Annual Women’s Leadership Coalition conference highlights how women can use skills, voices, and careers to advance social change

April 9, 2019

by Cecille de Laurentis MPP/MCRP ’20

The Women’s Leadership Coalition held its annual Women’s Leadership Conference at the Bloustein School on March 29. The event, whose theme this year was “Taking Charge of Change,” featured a discussion with Naomi Klein, recently named the university’s first Gloria Steinem Chair in the Women’s Studies department, as well as two workshops and an alumni panel.

Klein, an award-winning journalist and author of the book This Changes Everything: Capitalism vs. the Climate, spoke about the relationship between climate change and other struggles for human rights and social equity. She calls taking action on climate issues “the responsibility of our historical moment.”

“It’s not about dropping everything to figure out climate, it’s about figuring out how climate impacts the things we’re already doing”—including housing rights struggles, gender and racial inequality, worker protections, and more.

When asked about the effects of climate change on women, Klein emphasized intersectionality. She gave examples such as the aftermath of Hurricane Katrina in New Orleans, where poor women of color living in public housing faced disproportionate impacts from the storm. “It’s a broader rights issue, but because we live under patriarchy women and children are more impacted.”

Klein also noted that women are already leading in climate activism, mentioning sixteen-year-old Swedish activist Greta Thunberg, who has been leading climate strikes and other protests. She concluded by calling for more cross-sector work in addition to broad, sweeping policy like the Green New Deal that both takes strong climate action and centers justice issues.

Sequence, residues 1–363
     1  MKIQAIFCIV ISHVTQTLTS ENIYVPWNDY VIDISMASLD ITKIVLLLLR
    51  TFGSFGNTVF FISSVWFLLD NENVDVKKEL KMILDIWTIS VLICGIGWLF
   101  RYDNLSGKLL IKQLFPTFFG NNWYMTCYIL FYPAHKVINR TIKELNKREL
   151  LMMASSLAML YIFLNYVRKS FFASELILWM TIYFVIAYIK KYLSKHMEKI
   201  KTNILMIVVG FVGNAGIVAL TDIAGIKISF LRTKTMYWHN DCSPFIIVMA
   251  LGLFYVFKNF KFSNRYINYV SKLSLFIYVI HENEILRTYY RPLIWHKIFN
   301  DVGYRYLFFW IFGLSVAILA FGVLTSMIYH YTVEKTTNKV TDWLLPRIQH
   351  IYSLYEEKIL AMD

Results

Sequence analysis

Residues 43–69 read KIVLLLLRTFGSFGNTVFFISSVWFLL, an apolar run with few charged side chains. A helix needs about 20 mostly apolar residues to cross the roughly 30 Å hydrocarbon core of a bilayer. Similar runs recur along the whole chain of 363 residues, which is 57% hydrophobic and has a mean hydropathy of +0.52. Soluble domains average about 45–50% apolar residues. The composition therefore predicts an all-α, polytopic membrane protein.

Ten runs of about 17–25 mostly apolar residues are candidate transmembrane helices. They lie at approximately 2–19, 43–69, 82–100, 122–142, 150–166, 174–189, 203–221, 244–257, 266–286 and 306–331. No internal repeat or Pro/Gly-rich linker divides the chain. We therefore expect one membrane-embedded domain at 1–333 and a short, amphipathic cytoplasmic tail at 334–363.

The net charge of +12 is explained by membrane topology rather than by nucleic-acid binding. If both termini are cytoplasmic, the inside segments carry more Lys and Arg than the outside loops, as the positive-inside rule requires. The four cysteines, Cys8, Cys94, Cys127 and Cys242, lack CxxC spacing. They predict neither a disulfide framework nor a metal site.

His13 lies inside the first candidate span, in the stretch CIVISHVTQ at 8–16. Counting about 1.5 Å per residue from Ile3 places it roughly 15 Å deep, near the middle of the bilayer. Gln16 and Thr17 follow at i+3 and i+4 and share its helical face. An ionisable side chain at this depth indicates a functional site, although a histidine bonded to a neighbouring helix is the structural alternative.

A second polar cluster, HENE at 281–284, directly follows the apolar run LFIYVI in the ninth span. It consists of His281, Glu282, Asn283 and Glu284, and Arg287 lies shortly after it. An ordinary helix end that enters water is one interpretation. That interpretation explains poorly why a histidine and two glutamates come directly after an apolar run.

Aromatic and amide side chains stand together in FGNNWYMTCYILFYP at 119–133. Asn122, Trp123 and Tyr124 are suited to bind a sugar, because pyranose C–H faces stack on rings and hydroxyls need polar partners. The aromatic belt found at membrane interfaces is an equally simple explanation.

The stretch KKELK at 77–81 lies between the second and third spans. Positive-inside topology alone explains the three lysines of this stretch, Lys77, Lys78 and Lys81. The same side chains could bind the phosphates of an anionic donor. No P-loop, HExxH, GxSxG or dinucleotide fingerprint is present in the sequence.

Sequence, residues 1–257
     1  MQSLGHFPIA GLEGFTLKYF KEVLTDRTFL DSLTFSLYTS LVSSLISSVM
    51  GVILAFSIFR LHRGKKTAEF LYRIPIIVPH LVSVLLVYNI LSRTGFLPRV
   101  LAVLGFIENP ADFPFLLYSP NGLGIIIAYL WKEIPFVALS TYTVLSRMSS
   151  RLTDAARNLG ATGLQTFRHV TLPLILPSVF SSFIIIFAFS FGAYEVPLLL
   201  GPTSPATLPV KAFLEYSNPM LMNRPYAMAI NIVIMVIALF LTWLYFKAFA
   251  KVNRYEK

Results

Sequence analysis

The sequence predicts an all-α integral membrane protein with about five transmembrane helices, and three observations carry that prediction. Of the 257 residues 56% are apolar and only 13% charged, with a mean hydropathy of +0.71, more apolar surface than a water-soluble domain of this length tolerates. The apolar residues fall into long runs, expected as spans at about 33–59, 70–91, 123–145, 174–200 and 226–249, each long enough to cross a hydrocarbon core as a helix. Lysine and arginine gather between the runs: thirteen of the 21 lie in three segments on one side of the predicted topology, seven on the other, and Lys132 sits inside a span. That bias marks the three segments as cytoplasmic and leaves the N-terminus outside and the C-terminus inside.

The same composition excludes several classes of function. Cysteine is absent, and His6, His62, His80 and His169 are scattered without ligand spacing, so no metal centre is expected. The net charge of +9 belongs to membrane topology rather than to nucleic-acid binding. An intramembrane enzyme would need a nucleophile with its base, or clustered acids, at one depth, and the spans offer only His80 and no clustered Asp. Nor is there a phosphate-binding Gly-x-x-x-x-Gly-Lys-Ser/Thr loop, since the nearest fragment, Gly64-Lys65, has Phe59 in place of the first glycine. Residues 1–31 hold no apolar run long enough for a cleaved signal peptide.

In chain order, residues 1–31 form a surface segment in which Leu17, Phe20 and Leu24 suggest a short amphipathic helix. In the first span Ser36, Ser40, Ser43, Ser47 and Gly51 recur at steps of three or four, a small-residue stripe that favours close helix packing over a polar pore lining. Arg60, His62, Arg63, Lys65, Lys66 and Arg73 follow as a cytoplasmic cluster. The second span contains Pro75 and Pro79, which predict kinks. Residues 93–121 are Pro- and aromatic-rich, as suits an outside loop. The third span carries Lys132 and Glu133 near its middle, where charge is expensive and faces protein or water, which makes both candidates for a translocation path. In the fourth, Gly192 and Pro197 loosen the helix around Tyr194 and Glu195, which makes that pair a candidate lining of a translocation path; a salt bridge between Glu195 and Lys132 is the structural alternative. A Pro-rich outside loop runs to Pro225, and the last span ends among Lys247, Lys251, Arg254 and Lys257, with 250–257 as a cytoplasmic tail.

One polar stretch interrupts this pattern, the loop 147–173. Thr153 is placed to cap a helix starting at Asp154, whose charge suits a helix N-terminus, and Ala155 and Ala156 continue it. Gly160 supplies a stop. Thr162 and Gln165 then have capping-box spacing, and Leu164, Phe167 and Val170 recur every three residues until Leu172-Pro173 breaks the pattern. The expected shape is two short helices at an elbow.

Following Klein’s discussion, the conference gave way to breakout sessions on grassroots activism and on running for elected office. In the grassroots activism workshop, two education advocates described some of the tactics they used to organize and demand action from lawmakers. The elected office workshop “provided concrete skills to work on and experiences to pursue to prepare women to run,” as Rebecca Glinn, a first-year MPP student, described it. “While I might not run for office personally, as someone interested in campaigns it was a valuable experience.”

Student attendees said the themes discussed by Naomi Klein resonated with them, and that the workshops were useful.  “Each year WLC changes to fit the interests of the organizers and Bloustein students,” said Caitlyn Leiter-Mason, a second-year MPP student and conference organizer. “I was so glad to see how much interest there was in the community for conversations like these.” Morgan Hunlen, a first-year MCRP student, called the event, “a reminder to myself that no matter the barrier I come across because who I am, I can cross it with courage because of the people who came before me.”

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